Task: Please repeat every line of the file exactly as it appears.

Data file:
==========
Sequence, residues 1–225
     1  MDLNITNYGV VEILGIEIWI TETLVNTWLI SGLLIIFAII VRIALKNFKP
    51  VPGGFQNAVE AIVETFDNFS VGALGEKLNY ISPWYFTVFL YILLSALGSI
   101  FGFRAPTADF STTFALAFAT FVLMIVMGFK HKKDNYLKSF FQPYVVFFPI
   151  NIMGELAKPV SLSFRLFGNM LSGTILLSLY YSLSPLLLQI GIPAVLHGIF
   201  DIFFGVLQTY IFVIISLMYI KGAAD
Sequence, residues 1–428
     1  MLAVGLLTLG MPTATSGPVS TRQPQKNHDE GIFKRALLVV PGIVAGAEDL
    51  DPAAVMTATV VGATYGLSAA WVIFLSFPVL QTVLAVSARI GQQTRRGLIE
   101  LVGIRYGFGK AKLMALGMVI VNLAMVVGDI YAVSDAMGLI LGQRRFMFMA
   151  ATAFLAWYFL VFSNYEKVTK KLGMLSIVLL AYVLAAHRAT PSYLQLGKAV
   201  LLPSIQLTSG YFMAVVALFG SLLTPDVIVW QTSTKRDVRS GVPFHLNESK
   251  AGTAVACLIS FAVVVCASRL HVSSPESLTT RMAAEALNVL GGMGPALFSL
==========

Sequence, residues 1–225
     1  MDLNITNYGV VEILGIEIWI TETLVNTWLI SGLLIIFAII VRIALKNFKP
    51  VPGGFQNAVE AIVETFDNFS VGALGEKLNY ISPWYFTVFL YILLSALGSI
   101  FGFRAPTADF STTFALAFAT FVLMIVMGFK HKKDNYLKSF FQPYVVFFPI
   151  NIMGELAKPV SLSFRLFGNM LSGTILLSLY YSLSPLLLQI GIPAVLHGIF
   201  DIFFGVLQTY IFVIISLMYI KGAAD
Sequence, residues 1–428
     1  MLAVGLLTLG MPTATSGPVS TRQPQKNHDE GIFKRALLVV PGIVAGAEDL
    51  DPAAVMTATV VGATYGLSAA WVIFLSFPVL QTVLAVSARI GQQTRRGLIE
   101  LVGIRYGFGK AKLMALGMVI VNLAMVVGDI YAVSDAMGLI LGQRRFMFMA
   151  ATAFLAWYFL VFSNYEKVTK KLGMLSIVLL AYVLAAHRAT PSYLQLGKAV
   201  LLPSIQLTSG YFMAVVALFG SLLTPDVIVW QTSTKRDVRS GVPFHLNESK
   251  AGTAVACLIS FAVVVCASRL HVSSPESLTT RMAAEALNVL GGMGPALFSL